What is iron deficiency? how common is it? who is at risk? and how can you measure it? These are the questions we will deal with in this blog and the next blog will discuss the prevention and treatment of iron deficiency.
Iron is an extremely important mineral for athletes, yet iron deficiencies are not uncommon, particularly in endurance athletes. Iron has several roles in the body including the transport and delivery of oxygen, and energy production at the level of the mitochondria. It is also key for both cognitive and immune function. This highlights why iron is critical for performance, and why an iron deficiency could potentially have detrimental impacts. Symptoms indicative of an iron deficiency include tiredness, a lack of energy, shortness of breath, poor recovery and a reduction in performance (especially if experienced when training load is constant, or during a recovery phase).
Athletes are at a greater risk of being iron deficient in comparison to the general population
Why are athletes more likely to be iron deficient?
Athletes are at a greater risk of being iron deficient in comparison to the general population, especially female athletes, with up to ~35% having an iron deficiency versus ~5% in the general population. Regular exercise can increase the likelihood of an iron deficiency. This is because there is an increased inflammatory response in the body post-exercise, which can decrease the body’s ability to absorb iron for 3-6 hours post-exercise. Inflammation increases levels of the hormone hepcidin, which is key for iron regulation. When hepcidin levels increase, iron transport and absorption decreases (1). There is also potentially increased iron loss from exercise due to hemolysis (the destruction of red blood cells), sweating and gastrointestinal bleeding.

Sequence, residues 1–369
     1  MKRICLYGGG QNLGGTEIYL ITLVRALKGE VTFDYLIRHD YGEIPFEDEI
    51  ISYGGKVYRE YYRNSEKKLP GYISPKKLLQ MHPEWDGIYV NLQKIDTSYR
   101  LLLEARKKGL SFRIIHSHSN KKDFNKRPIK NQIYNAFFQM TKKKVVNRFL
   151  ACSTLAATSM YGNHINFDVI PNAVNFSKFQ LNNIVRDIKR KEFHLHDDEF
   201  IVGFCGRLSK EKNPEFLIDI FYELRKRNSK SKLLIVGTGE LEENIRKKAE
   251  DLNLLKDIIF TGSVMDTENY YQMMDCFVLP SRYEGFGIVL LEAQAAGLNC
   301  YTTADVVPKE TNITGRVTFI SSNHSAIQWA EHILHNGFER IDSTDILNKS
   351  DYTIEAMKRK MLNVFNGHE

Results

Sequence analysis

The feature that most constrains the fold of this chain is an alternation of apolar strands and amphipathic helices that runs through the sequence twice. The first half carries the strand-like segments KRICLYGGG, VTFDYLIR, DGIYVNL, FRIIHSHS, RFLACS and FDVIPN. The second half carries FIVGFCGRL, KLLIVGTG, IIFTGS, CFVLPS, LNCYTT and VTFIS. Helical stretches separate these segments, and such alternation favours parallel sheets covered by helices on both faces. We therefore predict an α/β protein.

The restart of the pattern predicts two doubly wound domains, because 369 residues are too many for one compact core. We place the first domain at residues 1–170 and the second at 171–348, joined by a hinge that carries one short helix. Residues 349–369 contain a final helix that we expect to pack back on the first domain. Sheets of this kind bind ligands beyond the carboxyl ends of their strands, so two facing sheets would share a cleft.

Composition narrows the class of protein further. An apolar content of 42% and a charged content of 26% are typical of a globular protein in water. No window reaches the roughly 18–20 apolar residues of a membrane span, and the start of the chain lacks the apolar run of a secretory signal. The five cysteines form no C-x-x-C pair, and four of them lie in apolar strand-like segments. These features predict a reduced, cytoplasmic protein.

There are particular sub-groups of athletes which are more susceptible to suffering from an iron deficiency, including:
Female athletes, in particular those who regularly menstruate because blood losses are higher.
Athletes who follow a plant-based diet. Plant-based foods contain non-heme iron which isn’t absorbed as well by the body in comparison to animal-based foods (which contain heme iron).
Athletes with low energy intake because iron intake is more likely to be insufficient to support the demands of the body.
Adolescent athletes because this time period is associated with increased iron requirements.
Supplementation may be advised to prevent iron stores from declining any further towards Iron deficiency anaemia where performance can be seriously affected.